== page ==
Space Tourists Fly High | God's World News

Space Tourists Fly High

  • T1 71594
    Passengers in near space during Virgin Galactic’s first space tourism flight on Thursday, August 10, 2023 (Virgin Galactic via AP)
  • T2 70845
    Space tourists, from left, Anastatia Mayers, Jon Goodwin, and Keisha Schahaff pose for photos before boarding their space flight at Spaceport America, near Truth or Consequences, New Mexico, on Thursday, August 10, 2023. (AP Photo/Andrés Leighton)
  • T1 71594
  • T2 70845


You have {{ remainingArticles }} free {{ counterWords }} remaining.

The bad news: You've hit your limit of free articles.
The good news: You can receive full access below.
WORLDteen | Ages 11-14 | $35.88 per year

Already a member? Sign in.

Blastoff! Virgin Galactic rocketed to the edge of space. The space plane carried its first-ever tourists on Thursday. They included a former British Olympian and a mother-daughter duo from the Caribbean. It was a ride nearly 20 years in the making!

After the approximately 90-minute flight, the plane glided back to a runway landing at Spaceport America in the New Mexico desert. The flight gave starry-eyed passengers a few minutes of weightlessness.

The debut of Virgin Galactic’s private customer flight had been delayed for years. Its success means Richard Branson’s Virgin Galactic can now start offering monthly rides. It joins Jeff Bezos’ Blue Origin and Elon Musk’s SpaceX in the space tourism business.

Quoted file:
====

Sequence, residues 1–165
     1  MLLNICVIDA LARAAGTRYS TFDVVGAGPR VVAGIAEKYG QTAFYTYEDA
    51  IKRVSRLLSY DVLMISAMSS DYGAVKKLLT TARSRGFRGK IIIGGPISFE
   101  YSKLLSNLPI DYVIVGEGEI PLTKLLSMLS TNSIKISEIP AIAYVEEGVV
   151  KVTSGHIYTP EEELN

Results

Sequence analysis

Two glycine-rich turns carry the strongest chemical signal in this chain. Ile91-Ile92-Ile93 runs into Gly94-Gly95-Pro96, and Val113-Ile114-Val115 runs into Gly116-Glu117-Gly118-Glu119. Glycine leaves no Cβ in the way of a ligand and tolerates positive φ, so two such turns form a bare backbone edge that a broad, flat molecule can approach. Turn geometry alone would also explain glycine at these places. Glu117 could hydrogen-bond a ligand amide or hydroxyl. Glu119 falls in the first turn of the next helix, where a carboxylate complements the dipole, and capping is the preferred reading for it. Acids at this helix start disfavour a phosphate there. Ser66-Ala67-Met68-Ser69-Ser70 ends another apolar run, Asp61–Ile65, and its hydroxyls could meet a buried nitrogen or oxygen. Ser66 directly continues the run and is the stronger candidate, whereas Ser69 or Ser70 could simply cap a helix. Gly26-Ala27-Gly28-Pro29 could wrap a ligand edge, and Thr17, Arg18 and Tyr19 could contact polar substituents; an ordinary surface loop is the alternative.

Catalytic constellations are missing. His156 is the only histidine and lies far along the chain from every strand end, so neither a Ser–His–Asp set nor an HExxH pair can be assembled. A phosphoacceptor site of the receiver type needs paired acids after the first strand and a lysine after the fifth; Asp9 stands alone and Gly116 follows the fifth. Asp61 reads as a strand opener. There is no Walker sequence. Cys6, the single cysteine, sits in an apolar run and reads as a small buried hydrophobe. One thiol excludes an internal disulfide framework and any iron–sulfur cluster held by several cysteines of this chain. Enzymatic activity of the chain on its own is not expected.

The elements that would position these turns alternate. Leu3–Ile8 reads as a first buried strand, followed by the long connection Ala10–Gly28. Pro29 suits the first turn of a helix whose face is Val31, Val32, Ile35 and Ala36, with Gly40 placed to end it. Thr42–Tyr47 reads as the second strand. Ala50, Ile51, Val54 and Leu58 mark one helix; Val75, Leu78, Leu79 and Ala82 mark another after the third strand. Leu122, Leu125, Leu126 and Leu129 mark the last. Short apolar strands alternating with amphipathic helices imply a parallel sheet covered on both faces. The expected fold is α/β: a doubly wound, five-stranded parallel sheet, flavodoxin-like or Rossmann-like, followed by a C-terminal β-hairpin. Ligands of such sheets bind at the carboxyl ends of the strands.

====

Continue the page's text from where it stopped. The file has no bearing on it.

Eighty-year-old Jon Goodwin competed in canoeing in the 1972 Olympics—and bought his ticket 18 years ago!

Goodwin was among the first to buy a Virgin Galactic ticket in 2005. After later being diagnosed with Parkinson’s disease, he feared that he’d never make the flight. The intrepid adventurer has climbed Mount Kilimanjaro and cycled back down. He hopes his spaceflight shows others with illnesses that “it doesn’t stop you doing things.”

Ticket prices were $200,000 when Goodwin signed up. The cost is now $450,000.

Also on the flight were sweepstakes winner Keisha Schahaff, 46, a health coach from Antigua, and her daughter, Anastatia Mayers, 18. They high-fived and pumped their fists as the spaceport crowd cheered their return.

“A childhood dream has come true,” says Schahaff. She took pink Antiguan sand up with her.

Her daughter added: “I have no words. The only thought I had the whole time was ‘Wow!’”

The flight was Virgin Galactic’s seventh trip to space since 2018. But it was the first with a ticket-holder. Company founder Branson hopped on board for the first full-size crew ride in 2021. Italian military and government researchers soared on June 29—just five weeks ago—on the first commercial flight. The company says about 800 people are currently on its waiting list.

In contrast to Virgin Galactic’s plane-launched rocket ship, the capsules used by SpaceX and Blue Origin are fully automated and will parachute back down.

Like Virgin Galactic, Blue Origin aims for the fringes of space, quick ups-and-downs from West Texas. Blue Origin has launched 31 people so far, but flights are on hold following a rocket crash last fall. The capsule, carrying experiments but no passengers, landed intact.

SpaceX is the only private company flying customers all the way to orbit. It charges tens of millions of dollars per seat. It’s already flown three private crews. NASA is its biggest customer. Since 2020, the federal agency has relied on SpaceX to ferry its astronauts to and from the International Space Station.

Was the long wait worth it? Newly minted astronaut Goodwin calls it “by far the most awesome thing I’ve ever done in my life!”

When I look at your heavens, the work of your fingers, the Moon and the stars, which you have set in place, what is man that you are mindful of him, and the son of man that you care for him? — Psalm 8:3-4